By FELICIA FONSECA and TIM SULLIVAN
TUBA CITY, Arizona (AP) — The virus arrived on the reservation in early March, carried in from Tucson, doctors say, by a man who had been to a basketball tournament and then made the long drive back to a small town in the Navajo highlands.
There, believers were preparing to gather in a small, metal-walled church with a battered white bell and crosses on the window.
From that church in Chilchinbeto, COVID-19 took hold on the Navajo Nation, hopscotching across families and clans and churches and towns, and leaving the reservation with some of the highest infection rates in the U.S.
Crowding, tradition, and medical disparities have tangled together on the tribe's land — an area nearly three times the size of Massachusetts — creating a virological catastrophe.
And the most basic measures to fight the virus' spread — handwashing and isolation — can be difficult.
One-third of the homes across the vast, dry reservation don't have running water, forcing families to haul it in. Many in close-knit Navajo communities live in crowded houses where self-quarantine is impossible, and many must drive hours to the nearest grocery store. To most Navajo, isolating an infected person from their family is deeply alien.
With roughly 175,000 people on the reservation, which straddles Arizona, New Mexico and a small corner of Utah, the Navajo Nation has seen 3,122 cases – a rate of nearly 18 cases per 1,000 people. At least 100 people have died.
If Navajo Nation were its own state, it would have the highest per-capita rate of confirmed positive coronavirus cases in the country, behind only New York. In the states it spans, the number of cases and deaths among people who are Native American, on and off the reservations, is disproportionately high.
On the Navajo Nation, there was the beloved 42-year-old high school basketball coach who left behind five children. There was the carpenter who lived with his brother and died on Easter morning at age 34. There was the 28-year-old mother who competed in Native pageants.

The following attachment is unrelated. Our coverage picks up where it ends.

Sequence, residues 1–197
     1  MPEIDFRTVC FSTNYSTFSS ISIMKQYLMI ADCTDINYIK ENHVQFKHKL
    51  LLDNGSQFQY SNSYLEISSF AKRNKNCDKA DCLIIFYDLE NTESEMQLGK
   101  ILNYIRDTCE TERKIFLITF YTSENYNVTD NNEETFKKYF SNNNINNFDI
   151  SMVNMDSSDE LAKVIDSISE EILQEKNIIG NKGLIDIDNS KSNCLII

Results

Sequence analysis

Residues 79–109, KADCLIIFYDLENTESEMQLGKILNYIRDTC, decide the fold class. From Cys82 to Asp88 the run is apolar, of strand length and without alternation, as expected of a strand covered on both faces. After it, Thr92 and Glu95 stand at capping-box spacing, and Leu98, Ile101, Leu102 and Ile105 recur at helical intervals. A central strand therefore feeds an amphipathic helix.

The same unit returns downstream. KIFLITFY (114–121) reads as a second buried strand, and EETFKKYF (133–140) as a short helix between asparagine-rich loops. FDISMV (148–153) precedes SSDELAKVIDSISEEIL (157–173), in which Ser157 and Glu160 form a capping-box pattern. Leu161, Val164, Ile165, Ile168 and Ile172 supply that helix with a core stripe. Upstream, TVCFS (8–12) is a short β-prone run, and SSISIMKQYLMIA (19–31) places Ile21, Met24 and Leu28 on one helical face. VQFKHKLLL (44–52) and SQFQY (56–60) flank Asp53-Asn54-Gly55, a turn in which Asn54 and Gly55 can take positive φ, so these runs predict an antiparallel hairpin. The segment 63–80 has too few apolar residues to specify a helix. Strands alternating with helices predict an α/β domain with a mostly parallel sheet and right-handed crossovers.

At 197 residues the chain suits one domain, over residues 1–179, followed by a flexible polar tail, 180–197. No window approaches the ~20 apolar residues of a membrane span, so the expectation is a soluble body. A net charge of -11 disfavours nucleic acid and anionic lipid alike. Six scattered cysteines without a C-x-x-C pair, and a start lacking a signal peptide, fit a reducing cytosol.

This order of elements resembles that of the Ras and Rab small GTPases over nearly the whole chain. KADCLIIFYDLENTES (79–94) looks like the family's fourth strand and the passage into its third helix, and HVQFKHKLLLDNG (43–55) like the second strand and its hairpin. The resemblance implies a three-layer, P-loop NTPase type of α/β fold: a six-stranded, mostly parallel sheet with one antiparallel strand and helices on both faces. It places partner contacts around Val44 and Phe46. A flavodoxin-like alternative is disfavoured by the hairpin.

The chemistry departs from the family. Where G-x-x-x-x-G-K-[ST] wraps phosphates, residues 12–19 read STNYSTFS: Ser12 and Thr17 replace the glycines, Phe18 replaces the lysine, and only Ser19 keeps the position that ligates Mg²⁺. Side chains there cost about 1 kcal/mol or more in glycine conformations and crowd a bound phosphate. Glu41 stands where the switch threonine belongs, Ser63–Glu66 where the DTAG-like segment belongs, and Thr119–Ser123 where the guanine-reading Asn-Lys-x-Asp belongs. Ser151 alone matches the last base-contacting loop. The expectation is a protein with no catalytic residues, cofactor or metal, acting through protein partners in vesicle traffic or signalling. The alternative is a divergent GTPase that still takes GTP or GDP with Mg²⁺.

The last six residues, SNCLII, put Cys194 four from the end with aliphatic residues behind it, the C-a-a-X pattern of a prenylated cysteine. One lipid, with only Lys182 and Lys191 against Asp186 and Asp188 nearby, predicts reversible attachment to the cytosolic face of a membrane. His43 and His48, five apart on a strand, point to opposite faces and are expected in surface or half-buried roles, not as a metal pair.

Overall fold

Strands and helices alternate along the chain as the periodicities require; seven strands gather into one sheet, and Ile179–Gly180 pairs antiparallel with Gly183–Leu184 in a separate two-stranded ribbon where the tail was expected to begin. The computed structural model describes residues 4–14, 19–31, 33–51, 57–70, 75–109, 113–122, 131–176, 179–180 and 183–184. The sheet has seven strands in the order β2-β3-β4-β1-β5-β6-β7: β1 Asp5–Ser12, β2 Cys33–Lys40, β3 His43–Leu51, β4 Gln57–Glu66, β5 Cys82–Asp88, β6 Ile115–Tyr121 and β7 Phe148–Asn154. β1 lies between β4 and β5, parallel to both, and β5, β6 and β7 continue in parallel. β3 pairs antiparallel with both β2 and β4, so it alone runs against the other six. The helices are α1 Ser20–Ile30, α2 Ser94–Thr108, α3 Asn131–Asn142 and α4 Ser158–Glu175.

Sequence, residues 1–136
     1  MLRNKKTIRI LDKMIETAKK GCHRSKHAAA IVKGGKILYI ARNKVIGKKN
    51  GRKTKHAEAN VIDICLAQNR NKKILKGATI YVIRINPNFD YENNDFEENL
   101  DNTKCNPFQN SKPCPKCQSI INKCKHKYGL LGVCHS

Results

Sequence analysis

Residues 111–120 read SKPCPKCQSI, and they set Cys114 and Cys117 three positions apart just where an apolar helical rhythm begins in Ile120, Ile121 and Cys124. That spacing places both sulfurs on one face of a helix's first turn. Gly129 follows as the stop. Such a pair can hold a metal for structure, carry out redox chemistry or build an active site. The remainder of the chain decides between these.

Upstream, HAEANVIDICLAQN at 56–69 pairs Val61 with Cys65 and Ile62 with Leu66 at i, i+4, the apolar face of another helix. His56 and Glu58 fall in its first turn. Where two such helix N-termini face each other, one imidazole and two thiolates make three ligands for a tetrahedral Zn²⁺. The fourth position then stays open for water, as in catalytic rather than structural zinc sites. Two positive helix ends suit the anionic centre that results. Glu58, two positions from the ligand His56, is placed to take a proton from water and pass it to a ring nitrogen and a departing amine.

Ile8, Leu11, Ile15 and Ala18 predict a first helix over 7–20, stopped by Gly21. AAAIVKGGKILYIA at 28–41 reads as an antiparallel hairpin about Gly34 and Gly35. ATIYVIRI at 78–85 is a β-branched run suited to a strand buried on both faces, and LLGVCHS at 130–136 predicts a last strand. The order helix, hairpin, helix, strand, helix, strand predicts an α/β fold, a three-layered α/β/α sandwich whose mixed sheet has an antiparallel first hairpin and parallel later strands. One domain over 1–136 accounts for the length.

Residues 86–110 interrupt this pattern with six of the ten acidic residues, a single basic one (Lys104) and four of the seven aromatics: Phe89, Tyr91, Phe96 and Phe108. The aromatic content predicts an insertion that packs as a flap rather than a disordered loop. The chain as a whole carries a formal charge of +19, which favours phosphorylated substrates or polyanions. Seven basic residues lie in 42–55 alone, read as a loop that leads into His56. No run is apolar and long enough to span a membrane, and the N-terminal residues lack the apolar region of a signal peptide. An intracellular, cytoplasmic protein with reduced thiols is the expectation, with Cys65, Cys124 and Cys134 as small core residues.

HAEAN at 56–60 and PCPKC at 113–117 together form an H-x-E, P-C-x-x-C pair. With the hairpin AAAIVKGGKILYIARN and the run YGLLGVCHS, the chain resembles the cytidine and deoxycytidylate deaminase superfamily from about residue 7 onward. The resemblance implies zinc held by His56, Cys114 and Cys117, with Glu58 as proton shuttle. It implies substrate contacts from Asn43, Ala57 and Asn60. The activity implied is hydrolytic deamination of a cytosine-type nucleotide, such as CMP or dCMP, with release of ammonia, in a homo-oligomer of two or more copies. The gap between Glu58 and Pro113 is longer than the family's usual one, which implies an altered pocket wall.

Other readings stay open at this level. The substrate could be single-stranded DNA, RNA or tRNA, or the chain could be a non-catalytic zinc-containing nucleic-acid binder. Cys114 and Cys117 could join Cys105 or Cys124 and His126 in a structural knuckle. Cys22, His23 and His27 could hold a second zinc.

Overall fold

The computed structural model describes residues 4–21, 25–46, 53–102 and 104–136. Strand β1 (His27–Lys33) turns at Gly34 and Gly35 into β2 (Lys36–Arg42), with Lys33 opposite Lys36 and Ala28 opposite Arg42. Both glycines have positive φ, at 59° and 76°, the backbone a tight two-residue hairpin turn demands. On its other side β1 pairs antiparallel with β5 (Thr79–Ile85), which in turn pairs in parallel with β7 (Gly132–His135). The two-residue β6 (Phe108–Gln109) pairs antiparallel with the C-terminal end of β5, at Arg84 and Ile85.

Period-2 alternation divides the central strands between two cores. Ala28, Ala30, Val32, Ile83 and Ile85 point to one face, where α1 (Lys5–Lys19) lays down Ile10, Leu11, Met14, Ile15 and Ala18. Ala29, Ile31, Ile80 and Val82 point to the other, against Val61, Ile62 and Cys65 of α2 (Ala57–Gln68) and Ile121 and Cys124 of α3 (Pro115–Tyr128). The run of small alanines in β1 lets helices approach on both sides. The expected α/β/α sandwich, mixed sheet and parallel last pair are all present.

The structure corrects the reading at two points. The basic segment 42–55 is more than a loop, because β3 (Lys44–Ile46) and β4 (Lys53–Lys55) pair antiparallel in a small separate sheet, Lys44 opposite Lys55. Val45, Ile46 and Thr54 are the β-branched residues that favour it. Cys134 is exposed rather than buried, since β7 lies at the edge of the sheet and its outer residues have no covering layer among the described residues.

And on the far western side of the reservation, there's the extended Dinehdeal family who live in a cluster of prefabricated and mobile homes in Tuba City. The family has lost four members to the virus.
It began in late March with Maryann Welch, age 82. Her nephew and her 71-year-old sister, Eva Dinehdeal, drove the 90 miles from Tuba City to Maryann's home to take her to the hospital. Soon Eva was sick, too. Then it was Maryann's son, Larry, a veteran of the Army's 82nd Airborne Division. He and his mother died a day apart.
Dinehdeal's daughter, Gloria Uriarte, 45, had moved back to Tuba City from outside Phoenix with her 6-year-old son, Curly, thinking they'd be safer. But she, too, became ill, and died on April 11, the same day as Eva.
Angelina Dinehdeal, one of Eva's daughters-in-law, is trying to hold the family together. Grief and exhaustion weigh heavily on her.
"It just seems like every time I take someone in [to the hospital] they never come out," she said.
In Navajo tradition, communities gather for four days of mourning before or after a burial. Sacred stories are told. Elders talk to the young about coping with death. In a culture where dying is rarely spoken about, it is a chance to openly grieve.
But with families hunkered down to avoid the spread of the virus, burials have become rushed graveside services. Some families have sidestepped tradition and had their relatives cremated.
"You can't even go see your mom and dad. You can't see your relatives to find that comfort," said Cheryl Blie, a Navajo who lost a cousin to the virus. "And the grief - the grief is so unbearable."
The virus hit like a tsunami in mid-March, and smaller medical centers quickly were overwhelmed. Health problems that make COVID-19 more deadly, such as obesity, diabetes and heart disease, are all much more common among Native people than the general U.S. population.
A cobbled-together coalition of caregivers— doctors from the federal Indian Health Service and local hospitals, Navajo Nation officials, the National Guard, community health nurses, volunteer doctors, nurses and EMTs from across the country — has rallied as the number of cases grow.
The doctors are exhausted, the hospitals don't have enough staff, and the protective gear is carefully rationed. Three isolation centers were set up in basketball gyms. The sickest patients are flown to larger hospitals off the reservation.
If Navajos are susceptible to the virus' spread in part because they are so closely knit, that's also how many believe they will beat it.
They're leaving boxes of food and supplies on the steps of elders' homes or in grocery bags hanging from fence posts. They're driving for hours to take relatives to hospitals. They're delivering water to friends and family.
Raynelle Hoskie recently was hauling water for her six children and her in-laws who live next door in a small traditional Navajo home, or hogan. For her, that togetherness is a sign of tradition and strength.
"Stop making us look like we're weak," she said. "We're a strong nation. Our language is strong, we're tough. We've always used our traditional herbs, our traditional ceremonies. They're very powerful."
Sullivan reported from Minneapolis. Associated Press data editor Meghan Hoyer contributed to this report. Fonseca is a member of The Associated Press' race and ethnicity team. Follow her on Twitter at https://twitter.com/FonsecaAP